“I’ve always believed that art can help us confront difficult truths,” she said. “As poet laureate of this beautiful and troubled state, I wish to help my fellow Mississippians find the language that will deepen our connection to the marker and the history of racial terror it represents.”

“The second thing I’m proud of is helping the Sarah Isom Center for Women and Gender Studies coordinate the state’s first Glitterary Festival April 3-5,” she said. “This celebration of queer literature will bring dozens of authors to Mississippi to share their work. There will even be spoken word and zine workshops designed for Mississippi teens.”

Journey to Mississippi

Born in New Jersey and reared in the Chicago area, Fennelly has written and taught around the United States and world before settling in Mississippi in 2001 and joining the Ole Miss faculty in 2002. She earned a bachelor’s degree, graduating magna cum laude, from the University of Notre Dame, then taught English for a year in a coal mining village on the Czech-Polish border.

She returned to the U.S. to earn her Master of Fine Arts from the University of Arkansas. After completing a Diane Middlebrook Fellowship at the University of Wisconsin, she taught at Knox College in Illinois.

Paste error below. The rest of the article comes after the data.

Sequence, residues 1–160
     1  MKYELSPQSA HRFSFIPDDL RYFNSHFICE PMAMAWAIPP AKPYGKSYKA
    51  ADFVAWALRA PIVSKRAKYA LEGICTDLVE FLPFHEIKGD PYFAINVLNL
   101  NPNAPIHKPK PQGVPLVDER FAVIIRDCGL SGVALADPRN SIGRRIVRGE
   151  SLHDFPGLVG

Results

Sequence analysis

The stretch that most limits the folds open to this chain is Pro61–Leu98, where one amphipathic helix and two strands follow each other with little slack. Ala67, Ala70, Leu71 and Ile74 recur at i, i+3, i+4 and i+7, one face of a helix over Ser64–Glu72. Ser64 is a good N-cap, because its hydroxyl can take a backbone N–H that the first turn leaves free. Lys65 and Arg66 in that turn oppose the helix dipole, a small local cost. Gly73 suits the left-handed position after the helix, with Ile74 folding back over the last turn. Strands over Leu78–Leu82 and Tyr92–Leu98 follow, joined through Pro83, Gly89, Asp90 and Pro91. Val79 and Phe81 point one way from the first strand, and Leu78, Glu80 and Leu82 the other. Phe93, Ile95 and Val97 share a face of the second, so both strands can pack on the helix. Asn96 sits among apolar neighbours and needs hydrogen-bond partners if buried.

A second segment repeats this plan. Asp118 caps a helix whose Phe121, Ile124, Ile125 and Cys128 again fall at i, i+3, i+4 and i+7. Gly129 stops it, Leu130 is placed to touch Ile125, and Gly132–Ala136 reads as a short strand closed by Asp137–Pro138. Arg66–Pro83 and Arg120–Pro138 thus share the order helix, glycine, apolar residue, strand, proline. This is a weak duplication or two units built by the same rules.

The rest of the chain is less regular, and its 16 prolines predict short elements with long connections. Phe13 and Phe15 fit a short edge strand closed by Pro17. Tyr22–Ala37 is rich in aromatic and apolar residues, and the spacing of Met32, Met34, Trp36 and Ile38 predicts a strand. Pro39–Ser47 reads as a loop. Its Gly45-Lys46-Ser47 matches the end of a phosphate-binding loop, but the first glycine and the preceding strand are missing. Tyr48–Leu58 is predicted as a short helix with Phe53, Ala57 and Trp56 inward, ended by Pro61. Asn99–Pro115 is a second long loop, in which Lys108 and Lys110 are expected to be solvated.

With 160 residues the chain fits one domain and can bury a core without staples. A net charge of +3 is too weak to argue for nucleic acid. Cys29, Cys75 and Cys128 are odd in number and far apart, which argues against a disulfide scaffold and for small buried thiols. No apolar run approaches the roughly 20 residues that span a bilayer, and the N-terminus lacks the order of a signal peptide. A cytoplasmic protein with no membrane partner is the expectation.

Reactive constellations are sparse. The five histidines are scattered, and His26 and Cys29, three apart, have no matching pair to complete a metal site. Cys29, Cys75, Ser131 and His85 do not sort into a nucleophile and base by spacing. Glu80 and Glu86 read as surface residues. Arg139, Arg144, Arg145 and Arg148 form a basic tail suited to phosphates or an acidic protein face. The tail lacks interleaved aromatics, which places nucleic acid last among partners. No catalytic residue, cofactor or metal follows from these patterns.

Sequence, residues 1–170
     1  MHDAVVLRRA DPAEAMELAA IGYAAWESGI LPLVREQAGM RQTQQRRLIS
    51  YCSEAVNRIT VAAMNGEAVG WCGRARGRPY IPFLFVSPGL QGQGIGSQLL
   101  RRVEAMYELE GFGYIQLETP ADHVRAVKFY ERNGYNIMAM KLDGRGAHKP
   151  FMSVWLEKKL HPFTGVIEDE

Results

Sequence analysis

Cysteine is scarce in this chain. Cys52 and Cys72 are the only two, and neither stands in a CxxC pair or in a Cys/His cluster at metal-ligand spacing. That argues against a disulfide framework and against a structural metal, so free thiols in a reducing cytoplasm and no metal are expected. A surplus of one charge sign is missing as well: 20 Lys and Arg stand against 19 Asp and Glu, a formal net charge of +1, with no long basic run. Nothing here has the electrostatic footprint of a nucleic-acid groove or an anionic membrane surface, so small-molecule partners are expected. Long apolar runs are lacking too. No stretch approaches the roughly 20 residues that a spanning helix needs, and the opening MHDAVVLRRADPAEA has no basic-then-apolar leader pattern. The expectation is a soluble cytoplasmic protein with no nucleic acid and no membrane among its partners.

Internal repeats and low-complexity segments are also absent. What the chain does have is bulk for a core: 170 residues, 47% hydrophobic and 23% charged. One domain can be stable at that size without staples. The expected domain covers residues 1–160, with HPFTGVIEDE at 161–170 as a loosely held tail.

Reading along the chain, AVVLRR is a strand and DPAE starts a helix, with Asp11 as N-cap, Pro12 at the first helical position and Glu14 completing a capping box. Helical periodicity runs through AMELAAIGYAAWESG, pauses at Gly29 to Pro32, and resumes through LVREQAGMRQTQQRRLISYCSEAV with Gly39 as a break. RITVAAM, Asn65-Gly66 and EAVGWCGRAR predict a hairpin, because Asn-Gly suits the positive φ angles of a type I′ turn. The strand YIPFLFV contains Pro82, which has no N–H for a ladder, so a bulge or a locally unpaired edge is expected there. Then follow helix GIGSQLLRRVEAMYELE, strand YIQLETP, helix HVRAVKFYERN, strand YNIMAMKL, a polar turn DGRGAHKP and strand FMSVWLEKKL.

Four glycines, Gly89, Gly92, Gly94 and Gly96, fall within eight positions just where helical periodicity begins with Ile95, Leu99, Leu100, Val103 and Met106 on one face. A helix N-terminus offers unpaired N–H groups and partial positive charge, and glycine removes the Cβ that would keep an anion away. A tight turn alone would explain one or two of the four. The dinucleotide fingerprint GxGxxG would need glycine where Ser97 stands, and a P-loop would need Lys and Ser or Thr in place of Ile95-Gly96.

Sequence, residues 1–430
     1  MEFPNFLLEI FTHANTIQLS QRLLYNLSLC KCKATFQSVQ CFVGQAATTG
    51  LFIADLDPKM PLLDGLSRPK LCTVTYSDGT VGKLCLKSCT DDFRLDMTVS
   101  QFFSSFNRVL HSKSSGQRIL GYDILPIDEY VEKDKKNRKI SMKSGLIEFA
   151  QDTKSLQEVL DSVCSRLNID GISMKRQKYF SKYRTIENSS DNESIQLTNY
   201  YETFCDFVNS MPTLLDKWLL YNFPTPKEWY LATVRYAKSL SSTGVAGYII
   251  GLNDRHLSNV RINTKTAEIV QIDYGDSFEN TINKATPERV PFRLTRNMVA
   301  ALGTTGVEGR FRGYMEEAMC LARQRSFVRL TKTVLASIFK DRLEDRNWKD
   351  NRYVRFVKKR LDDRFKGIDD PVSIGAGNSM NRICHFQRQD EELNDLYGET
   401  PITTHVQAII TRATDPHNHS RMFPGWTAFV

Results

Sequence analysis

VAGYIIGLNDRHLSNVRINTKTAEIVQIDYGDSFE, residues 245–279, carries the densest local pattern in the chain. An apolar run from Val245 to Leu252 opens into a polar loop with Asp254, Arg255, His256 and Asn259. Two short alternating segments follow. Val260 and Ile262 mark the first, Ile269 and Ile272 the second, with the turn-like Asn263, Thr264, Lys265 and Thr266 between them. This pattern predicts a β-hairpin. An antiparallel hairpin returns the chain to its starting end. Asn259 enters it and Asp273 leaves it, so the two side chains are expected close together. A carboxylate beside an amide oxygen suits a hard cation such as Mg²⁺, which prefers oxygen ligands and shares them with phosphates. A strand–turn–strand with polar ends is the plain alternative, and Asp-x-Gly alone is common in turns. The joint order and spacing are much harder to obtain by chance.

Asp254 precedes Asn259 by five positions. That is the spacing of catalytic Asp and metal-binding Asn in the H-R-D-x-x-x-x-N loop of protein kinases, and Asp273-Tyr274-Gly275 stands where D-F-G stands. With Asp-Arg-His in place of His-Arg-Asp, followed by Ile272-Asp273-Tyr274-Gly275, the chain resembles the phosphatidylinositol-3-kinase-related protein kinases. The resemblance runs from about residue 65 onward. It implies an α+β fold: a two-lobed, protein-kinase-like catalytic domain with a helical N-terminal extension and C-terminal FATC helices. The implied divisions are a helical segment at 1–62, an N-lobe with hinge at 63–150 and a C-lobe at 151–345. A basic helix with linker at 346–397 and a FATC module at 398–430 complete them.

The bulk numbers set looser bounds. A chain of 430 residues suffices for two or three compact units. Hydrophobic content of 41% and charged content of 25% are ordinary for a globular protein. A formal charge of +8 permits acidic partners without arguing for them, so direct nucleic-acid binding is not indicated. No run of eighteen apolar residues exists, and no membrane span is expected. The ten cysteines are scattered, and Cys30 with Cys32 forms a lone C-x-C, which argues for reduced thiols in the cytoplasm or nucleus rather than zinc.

She has completed residencies at the University of Arizona and MacDowell Colony in New Hampshire, fellowships at Middlebury’s Bread Loaf Writer’s Conference and Sewanee, and a 2009 Fulbright grant studying poetry in Brazil.

Formerly director of the university’s master’s program in creative writing, Fennelly was named UM Humanities Teacher of the Year and College of Liberal Arts Teacher of the Year in 2011. In 2018, she won the Faculty Achievement Award for Outstanding Teaching and Scholarship.

Publishing Poetry and Winning Awards

Fennelly’s first poetry collection, “Open House” (Zoo Press) was published in 2001. It was a Book Sense Top Ten Poetry Pick and won a Kenyon Review Prize, a Zoo Press Poetry Prize and a Great Lakes College Association New Writers Award.

W.W. Norton published her second and third collections of poetry, “Tender Hooks” (2004) and “Unmentionables” (2008), as well as two books of nonfiction, “Great with Child: Letters to a Young Mother” (2006) and “Heating and Cooling: 52 Micro-Memoirs” (2017), which was an Atlanta Journal Constitution best Book of 2017.

In 2013, HarperCollins published “The Tilted World,” a novel that Fennelly co-wrote with her husband, Tom Franklin. It was named an IndieNext Great Read, became a finalist for the 2014 SIBA Book Award and has been published in six foreign editions.